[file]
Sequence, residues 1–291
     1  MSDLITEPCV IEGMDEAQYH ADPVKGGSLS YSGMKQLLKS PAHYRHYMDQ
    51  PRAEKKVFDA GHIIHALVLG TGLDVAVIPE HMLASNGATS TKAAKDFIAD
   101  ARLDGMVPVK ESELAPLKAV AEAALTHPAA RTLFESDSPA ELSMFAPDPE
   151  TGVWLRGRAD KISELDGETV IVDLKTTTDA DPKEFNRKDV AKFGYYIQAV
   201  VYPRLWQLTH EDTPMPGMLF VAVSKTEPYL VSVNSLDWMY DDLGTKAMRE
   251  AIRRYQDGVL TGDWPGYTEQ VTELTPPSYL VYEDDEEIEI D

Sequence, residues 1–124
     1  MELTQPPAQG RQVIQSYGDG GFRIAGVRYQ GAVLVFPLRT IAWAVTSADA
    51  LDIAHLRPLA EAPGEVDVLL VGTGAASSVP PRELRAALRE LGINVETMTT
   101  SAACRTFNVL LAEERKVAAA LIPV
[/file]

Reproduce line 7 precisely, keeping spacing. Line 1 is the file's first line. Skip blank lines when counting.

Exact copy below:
   251  AIRRYQDGVL TGDWPGYTEQ VTELTPPSYL VYEDDEEIEI D